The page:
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The effect of localization and histological verification of endometrial polyps on infertility

  • Judit LőrinczEmail author
  • Szabolcs Molnár
  • Attila Jakab
  • Tünde Herman
  • Singh Jashanjeet
  • Péter Török
Open Access
Gynecologic Endocrinology and Reproductive Medicine
  • 205 Downloads

Abstract

Aim

Our purpose is to investigate if transcervical resection of endometrial polyps improves the fertility in ovulatory infertile women, and whether polyp histology, intrauterine location, and the technique of polypectomy have any influence on the pregnancy rates.

Methods

In this retrospective study, clinical data of 87 ovulatory infertile women who underwent hysteroscopy and polypectomy, and their 12-month follow-up have been analyzed. Subgroups according to the method of polyp removal (resectoscope or curettage), the polyp localization (utero-tubal, anterior, posterior, lateral, multiple) and the histological result were interpreted.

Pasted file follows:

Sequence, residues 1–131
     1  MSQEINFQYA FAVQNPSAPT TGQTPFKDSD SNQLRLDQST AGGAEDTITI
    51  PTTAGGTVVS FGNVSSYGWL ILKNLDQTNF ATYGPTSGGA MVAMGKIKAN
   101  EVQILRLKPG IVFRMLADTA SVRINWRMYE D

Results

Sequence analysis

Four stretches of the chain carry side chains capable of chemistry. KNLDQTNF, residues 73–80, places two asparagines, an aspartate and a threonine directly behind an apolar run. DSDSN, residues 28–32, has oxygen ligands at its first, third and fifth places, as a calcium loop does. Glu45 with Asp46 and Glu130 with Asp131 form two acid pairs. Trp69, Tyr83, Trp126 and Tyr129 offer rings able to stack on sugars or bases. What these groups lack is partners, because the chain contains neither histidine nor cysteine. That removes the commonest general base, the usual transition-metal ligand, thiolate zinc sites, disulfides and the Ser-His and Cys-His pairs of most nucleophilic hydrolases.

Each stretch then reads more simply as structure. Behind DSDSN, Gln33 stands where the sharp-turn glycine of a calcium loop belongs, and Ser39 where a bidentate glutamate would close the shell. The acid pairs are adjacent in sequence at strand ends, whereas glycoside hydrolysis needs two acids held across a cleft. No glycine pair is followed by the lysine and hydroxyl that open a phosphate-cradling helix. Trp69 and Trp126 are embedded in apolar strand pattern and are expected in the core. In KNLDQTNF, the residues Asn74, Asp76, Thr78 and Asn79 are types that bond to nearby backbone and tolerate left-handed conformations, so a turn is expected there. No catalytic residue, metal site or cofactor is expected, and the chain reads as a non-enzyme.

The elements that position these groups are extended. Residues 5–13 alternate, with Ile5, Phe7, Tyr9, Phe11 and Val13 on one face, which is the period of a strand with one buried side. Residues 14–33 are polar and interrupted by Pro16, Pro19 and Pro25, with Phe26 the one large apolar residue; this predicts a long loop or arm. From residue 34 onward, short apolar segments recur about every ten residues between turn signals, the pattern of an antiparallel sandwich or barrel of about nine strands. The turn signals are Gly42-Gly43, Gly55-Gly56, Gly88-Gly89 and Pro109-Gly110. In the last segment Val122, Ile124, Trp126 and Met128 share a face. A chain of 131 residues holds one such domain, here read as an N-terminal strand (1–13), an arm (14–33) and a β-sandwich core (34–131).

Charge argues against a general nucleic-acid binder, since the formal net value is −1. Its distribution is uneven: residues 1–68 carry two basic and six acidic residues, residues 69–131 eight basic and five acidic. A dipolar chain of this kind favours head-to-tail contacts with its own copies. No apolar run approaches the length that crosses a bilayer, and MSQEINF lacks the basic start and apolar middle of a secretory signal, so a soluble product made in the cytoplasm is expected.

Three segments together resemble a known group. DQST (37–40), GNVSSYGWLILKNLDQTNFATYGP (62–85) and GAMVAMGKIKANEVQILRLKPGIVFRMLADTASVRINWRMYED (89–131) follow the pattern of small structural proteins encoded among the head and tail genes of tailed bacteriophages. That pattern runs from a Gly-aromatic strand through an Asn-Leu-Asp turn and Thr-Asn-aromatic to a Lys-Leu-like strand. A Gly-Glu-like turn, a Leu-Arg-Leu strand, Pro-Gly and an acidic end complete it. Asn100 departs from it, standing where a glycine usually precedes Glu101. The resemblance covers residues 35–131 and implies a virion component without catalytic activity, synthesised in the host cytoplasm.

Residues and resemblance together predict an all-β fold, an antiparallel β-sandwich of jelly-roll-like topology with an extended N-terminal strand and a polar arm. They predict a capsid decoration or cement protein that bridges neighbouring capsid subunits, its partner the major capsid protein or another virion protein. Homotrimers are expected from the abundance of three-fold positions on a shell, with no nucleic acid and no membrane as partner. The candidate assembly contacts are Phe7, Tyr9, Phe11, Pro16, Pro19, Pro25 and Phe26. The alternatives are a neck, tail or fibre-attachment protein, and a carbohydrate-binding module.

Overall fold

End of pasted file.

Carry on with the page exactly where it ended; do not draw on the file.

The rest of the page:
Results

Mean age of patients was 33.99 ± 4.24 years. There were no differences in the BMI and basal FSH levels between the subgroups. Pregnancy was recorded in 30 (34.5%) within the next 12 months without any difference between the subgroups of polypectomy method applied. Posterior wall polyp resection increased the pregnancy chance (OR 5.02), but no other differences were observed in 1-year pregnancy rates to other localizations. Removal of polyps which had normal endometrial histology had lower pregnancy rates as compared to that of polyps with hyperplasia or endometrial polyp histology results (OR 0.25).

Conclusions

Polypectomy improved the conception rate in the subsequent year regardless of the intrauterine localization and the method of its surgical removal. Therefore, we can conclude that polypectomy should be considered in infertile women.

Keywords

Endometrial polyps Infertility Hysteroscopy Reproduction 

Introduction